Unrest reaches Tunisia’s capital

THURSDAY, JAN. 13, 2011

TUNIS, Tunisia – Tear gas and stone-throwing youths reached the heart of Tunisia’s once-calm capital Wednesday as rioters desperate for jobs defied their autocratic president in escalating unrest that poses his biggest challenge in 23 years in power.

The army deployed armored vehicles around Tunis, and the government imposed a virtually unprecedented curfew to try to quell protests over unemployment and political repression that began more than three weeks ago in a central Tunisian town. Outside the capital, at least two deaths were reported from police fire Wednesday.

The demonstrations have set off clashes with police as they spread around the country, leaving at least 23 dead and shattering Tunisia’s image as an island of calm in a region beset by Islamist extremism.

The rioting stayed outside the capital until Wednesday, when the interior minister was fired and clashes broke out hours later, intensifying an unprecedented sense of uncertainty about the future of Tunisia’s government. European countries issued warnings about the increased dangers of travel to the country.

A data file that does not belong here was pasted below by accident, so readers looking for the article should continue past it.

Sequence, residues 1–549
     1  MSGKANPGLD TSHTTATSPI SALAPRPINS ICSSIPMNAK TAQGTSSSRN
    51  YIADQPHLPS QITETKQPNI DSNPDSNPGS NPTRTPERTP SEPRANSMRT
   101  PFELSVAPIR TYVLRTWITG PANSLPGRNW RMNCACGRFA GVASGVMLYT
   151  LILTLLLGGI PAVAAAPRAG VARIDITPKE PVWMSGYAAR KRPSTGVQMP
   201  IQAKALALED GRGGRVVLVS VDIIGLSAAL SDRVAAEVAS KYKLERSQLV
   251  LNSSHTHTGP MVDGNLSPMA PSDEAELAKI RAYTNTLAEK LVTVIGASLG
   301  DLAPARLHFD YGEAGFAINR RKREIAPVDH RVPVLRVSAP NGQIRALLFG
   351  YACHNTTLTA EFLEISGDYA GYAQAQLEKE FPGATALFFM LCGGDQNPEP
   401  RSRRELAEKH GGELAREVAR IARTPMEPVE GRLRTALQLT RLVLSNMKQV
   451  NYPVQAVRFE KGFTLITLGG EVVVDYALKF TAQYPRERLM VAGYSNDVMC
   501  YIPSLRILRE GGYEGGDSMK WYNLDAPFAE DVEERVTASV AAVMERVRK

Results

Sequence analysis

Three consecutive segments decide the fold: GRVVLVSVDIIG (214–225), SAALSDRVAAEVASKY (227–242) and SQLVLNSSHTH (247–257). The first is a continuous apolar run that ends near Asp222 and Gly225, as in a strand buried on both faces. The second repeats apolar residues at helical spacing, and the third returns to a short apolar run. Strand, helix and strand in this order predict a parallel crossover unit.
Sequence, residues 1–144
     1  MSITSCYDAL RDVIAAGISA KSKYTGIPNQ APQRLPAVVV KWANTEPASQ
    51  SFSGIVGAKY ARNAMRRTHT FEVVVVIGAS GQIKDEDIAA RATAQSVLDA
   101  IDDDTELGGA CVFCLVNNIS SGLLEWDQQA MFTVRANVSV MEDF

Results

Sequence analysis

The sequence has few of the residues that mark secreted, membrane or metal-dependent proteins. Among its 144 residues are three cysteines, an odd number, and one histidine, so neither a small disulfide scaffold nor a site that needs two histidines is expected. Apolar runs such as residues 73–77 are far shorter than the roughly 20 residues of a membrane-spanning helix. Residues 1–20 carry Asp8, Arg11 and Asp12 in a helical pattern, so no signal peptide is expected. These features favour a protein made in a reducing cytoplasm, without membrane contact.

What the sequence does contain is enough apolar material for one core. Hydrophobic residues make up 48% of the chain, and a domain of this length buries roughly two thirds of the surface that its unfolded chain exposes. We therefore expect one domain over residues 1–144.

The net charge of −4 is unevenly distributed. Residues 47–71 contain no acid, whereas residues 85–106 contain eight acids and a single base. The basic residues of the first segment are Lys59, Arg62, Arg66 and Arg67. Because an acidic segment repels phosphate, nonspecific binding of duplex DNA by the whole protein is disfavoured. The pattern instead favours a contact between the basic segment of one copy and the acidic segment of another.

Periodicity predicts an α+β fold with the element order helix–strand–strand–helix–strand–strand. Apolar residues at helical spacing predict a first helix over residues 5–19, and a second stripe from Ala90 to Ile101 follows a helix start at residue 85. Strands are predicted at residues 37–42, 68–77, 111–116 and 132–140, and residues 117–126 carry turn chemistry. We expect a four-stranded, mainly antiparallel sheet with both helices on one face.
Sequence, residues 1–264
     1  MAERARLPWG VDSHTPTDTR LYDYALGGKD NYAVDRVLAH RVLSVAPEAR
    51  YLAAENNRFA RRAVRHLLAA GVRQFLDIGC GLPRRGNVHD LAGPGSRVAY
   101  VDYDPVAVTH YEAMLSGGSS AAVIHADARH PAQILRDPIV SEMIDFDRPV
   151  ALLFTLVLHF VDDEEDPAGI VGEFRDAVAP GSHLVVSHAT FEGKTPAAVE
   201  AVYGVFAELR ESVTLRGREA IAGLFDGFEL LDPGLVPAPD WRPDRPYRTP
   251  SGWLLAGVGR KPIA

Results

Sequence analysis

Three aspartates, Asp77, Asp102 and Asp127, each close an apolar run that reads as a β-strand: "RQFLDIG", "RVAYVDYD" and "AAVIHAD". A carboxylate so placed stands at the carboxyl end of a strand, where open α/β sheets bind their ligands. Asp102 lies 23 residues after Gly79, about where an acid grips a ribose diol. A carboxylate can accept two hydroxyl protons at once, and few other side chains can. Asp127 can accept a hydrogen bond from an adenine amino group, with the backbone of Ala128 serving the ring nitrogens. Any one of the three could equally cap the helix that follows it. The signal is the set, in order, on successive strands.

President Zine El Abidine Ben Ali, 74, has maintained an iron grip on Tunisia since grabbing power 23 years ago in a bloodless coup, repressing any challenge to a government many see as corrupt and intolerant.

The rioting first erupted in mid-December in an inland town after a young man tried to kill himself. They then hopscotched around the country, as social networks like Facebook spread word of the unrest, circumventing tight control of the media.


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